Be ready for the worst and hope for the best is a good way to approach your preparations for an emergency, since they come in all types and degrees. Always carry a first aid kit, both horse and human, making sure the equine kit is well equipped with items such as splints and medications. If you’re uncertain about what to carry, you can find a list of suggestions in Equine Emergencies on the Road, written by Neva Kittrell Scheve and Dr. Jim Hamilton, DVM.
You may want to cultivate a good relationship with your veterinarian and discuss the option of carrying tranquilizers or other medications, and learn how to correctly use them. Tranquilizers in the wrong situation can result in the loss of your horse. While you’re at it, ask your vet to teach you how to read vital signs (heart rate, pulse, temperature, dehydration) and how to apply a splint. Have at least five to 20 gallons of water on board for drinking, cooling down your horse, and for lacerations that may occur. Be sure to have a bucket, sponge and lots of rags.
The most common incident is a flat tire. Carry a fully inflated spare, a tire iron, and an easy-to-use jack such as a TrailerAid. Practice changing a tire so you’ll know how to do it if you are ever stranded on the side of a road. Since trailer tires are not always readily available, it would be a good idea to have a second spare in case the mishap takes out two tires. The alternative would be to have a Roadside Emergency Assistance Plan such as USRider.
We recommend you always tie your horse in the trailer and use a halter and trailer tie/lead rope that will not break. You always want to have control over your horse when out on the road. A loose horse on a busy road will only end in disaster. Nevertheless, carry extra halters and lead ropes. Never unload your horses on a busy highway and never unhitch your trailer with the horses in it. It’s ideal if you can get off the highway and to a safe place.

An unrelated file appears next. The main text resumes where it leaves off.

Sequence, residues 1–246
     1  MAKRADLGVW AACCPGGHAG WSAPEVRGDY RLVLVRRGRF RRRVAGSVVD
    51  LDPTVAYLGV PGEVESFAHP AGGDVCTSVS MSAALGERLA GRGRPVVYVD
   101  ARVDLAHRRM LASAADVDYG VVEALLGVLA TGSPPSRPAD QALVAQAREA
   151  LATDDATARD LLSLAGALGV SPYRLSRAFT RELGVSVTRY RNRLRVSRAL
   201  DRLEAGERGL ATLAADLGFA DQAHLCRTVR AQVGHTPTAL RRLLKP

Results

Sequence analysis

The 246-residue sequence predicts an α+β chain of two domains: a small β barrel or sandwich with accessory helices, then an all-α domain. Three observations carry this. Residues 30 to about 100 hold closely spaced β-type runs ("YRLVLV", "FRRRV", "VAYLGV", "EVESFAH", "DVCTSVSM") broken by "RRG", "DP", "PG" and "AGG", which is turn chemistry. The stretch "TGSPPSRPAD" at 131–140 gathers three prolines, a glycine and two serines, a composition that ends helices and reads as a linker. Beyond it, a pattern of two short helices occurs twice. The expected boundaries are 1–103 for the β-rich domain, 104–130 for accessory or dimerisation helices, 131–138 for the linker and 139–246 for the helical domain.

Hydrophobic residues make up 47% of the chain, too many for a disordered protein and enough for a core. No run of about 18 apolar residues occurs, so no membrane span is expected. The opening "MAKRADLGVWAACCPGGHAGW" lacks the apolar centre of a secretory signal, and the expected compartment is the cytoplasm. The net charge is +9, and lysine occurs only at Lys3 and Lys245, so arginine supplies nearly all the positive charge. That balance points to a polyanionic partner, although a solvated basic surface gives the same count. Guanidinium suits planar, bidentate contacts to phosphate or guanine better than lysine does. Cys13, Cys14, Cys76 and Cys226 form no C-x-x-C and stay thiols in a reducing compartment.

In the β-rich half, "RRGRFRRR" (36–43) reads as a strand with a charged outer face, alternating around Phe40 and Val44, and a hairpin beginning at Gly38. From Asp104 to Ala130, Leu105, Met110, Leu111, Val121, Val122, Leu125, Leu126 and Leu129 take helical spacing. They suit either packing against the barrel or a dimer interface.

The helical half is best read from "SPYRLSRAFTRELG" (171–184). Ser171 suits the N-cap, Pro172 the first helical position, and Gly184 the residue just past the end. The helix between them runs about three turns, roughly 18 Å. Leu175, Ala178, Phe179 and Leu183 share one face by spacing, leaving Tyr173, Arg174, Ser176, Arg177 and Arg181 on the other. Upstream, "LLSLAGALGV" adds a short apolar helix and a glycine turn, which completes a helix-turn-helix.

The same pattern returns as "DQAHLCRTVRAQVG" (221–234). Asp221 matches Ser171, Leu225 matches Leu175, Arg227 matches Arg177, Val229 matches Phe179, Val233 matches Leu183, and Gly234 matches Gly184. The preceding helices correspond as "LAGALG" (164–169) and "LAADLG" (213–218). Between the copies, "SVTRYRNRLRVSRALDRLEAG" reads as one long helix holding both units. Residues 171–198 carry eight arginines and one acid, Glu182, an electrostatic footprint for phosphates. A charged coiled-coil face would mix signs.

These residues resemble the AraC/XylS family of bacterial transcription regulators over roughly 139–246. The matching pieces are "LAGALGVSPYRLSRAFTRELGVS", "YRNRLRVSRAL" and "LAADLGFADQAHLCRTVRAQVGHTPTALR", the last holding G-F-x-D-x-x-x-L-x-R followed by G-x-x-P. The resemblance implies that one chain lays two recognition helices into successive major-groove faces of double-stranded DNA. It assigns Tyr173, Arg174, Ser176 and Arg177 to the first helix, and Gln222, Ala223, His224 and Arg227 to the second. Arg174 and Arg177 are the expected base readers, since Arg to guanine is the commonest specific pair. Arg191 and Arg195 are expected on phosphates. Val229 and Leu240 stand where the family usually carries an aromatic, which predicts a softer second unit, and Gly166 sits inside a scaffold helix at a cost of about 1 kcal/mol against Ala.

If your emergency involves failed brakes, turn signals, and/or running lights, an automotive kit with spare fuses, bulbs, tester and wiring tools will be needed. And don’t forget your tow vehicle – spare belts, hoses, a tow chain, road atlas/navigation system, and extra cash or a credit card will come in handy. In addition to the above items, be sure to bring your registration for the vehicle and trailer, and required health certificates for your horse(s).
In Case of Emergency
Be aware that if you are in an accident and are injured yourself, the EMS personnel and police will most likely not be capable of taking care of your horses. Even though first responders are starting to realize that they need to learn how to handle an accident involving horses, in many cases they will probably not have received the training. Prepare for this situation by keeping some sort of emergency directions in a very visible place, along with the name of someone who can be contacted to help with the horses if you are incapacitated. Also, keep those numbers on your cell phone with the letters ICE (in case of emergency) HORSE in the contact name.
Remember that you will be able to handle an emergency situation much better if you have the appropriate equipment and knowledge.
Neva Kittrell Scheve and her husband Tom are the authors of the nationally recognized textbook The Complete Guide to Buying, Maintaining, and Servicing a Horse Trailer. Neva also has two other horse trailer books to her credit, including Equine Emergencies On The Road with Jim Hamilton, DVM. Besides being authors, clinicians and writers of numerous published articles on horse trailer safety, Tom and Neva have designed and developed the EquiSpirit and EquiBreeze line of horse trailers manufactured in Kinston, North Carolina. Visit EquiSpirit.com or email Tom@EquiSpirit.com.